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The effects of mixed mode survey designs on simple and complex analyses


  • Peter, Martin
  • Lynn, Peter


We compare two alternative mixed mode survey designs with face-to-face data collection in terms of differences in estimates. Both mixed mode designs involve face-to-face, telephone and web interviewing. One design uses modes sequentially; the other offers respondents an explicit choice of mode. All three samples are probability samples of the Dutch population, selected from the same frame in the same way and administered the same survey instrument, namely the questionnaire of round 4 of the European Social Survey. We find differences and consequently urge caution in comparing estimates based on data collected using different (mixes of) modes.

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  • Peter, Martin & Lynn, Peter, 2011. "The effects of mixed mode survey designs on simple and complex analyses," ISER Working Paper Series 2011-28, Institute for Social and Economic Research.
  • Handle: RePEc:ese:iserwp:2011-28

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    1. Lynn, Peter & Uhrig, S.C. Noah & Burton, Jonathan, 2010. "Lessons from a randomised experiment with mixed-mode designs for a household panel survey," Understanding Society Working Paper Series 2010-03, Understanding Society at the Institute for Social and Economic Research.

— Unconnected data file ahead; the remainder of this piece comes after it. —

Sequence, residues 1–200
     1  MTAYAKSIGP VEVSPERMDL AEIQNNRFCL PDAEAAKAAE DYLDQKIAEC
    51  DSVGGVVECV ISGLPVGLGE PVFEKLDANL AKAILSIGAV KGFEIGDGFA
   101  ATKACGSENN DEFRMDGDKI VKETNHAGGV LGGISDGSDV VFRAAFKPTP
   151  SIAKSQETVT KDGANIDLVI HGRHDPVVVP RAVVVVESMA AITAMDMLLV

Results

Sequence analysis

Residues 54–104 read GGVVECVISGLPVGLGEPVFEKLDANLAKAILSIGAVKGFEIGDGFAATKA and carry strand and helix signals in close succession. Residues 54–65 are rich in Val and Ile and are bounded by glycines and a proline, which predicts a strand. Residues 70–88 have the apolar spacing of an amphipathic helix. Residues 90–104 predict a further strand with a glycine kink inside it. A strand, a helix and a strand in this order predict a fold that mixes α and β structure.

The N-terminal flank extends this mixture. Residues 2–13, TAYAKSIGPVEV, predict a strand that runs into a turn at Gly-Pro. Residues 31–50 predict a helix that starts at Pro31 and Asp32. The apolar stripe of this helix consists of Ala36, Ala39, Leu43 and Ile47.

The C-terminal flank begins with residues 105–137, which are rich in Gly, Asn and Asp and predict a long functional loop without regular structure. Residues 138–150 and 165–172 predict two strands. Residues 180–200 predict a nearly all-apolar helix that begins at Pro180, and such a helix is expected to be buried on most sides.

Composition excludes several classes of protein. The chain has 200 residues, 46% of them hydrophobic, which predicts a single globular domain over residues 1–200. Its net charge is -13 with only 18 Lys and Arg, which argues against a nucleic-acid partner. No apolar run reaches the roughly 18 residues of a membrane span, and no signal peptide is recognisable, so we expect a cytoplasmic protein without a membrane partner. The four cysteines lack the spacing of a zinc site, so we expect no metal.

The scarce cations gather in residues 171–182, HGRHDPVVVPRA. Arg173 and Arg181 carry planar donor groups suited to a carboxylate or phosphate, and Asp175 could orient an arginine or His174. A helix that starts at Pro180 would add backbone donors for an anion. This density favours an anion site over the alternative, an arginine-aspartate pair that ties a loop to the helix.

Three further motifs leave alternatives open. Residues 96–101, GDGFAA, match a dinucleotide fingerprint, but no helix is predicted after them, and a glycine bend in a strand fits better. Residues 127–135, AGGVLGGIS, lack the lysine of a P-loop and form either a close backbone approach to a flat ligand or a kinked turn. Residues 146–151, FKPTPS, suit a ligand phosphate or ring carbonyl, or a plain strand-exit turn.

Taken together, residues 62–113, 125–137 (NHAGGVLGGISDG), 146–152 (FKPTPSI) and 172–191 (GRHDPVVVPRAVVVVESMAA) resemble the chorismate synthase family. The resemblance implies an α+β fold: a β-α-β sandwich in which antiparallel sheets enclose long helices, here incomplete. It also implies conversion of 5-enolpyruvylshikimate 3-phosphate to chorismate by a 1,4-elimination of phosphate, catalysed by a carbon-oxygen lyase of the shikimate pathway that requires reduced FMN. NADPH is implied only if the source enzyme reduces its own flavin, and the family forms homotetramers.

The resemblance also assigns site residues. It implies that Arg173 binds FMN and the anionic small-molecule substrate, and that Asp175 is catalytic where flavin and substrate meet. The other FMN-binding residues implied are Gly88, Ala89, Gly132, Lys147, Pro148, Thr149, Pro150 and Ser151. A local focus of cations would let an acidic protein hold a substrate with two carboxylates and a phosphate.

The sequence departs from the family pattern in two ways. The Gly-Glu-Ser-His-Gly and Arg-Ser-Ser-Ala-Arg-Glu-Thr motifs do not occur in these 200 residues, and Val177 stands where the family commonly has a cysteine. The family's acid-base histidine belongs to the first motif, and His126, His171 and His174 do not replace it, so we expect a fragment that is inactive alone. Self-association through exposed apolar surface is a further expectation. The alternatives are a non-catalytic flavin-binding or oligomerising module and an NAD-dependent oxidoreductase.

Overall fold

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    Cited by:

    1. Kavonius, Ilja Kristian & Honkkila, Juha, 2013. "Micro and macro analysis on household income, wealth and saving in the euro area," Working Paper Series 1619, European Central Bank.
    2. Lynn, Peter, 2012. "Mode-switch protocols: how a seemingly small design difference can affect attrition rates and attrition bias," Understanding Society Working Paper Series 2012-07, Understanding Society at the Institute for Social and Economic Research.

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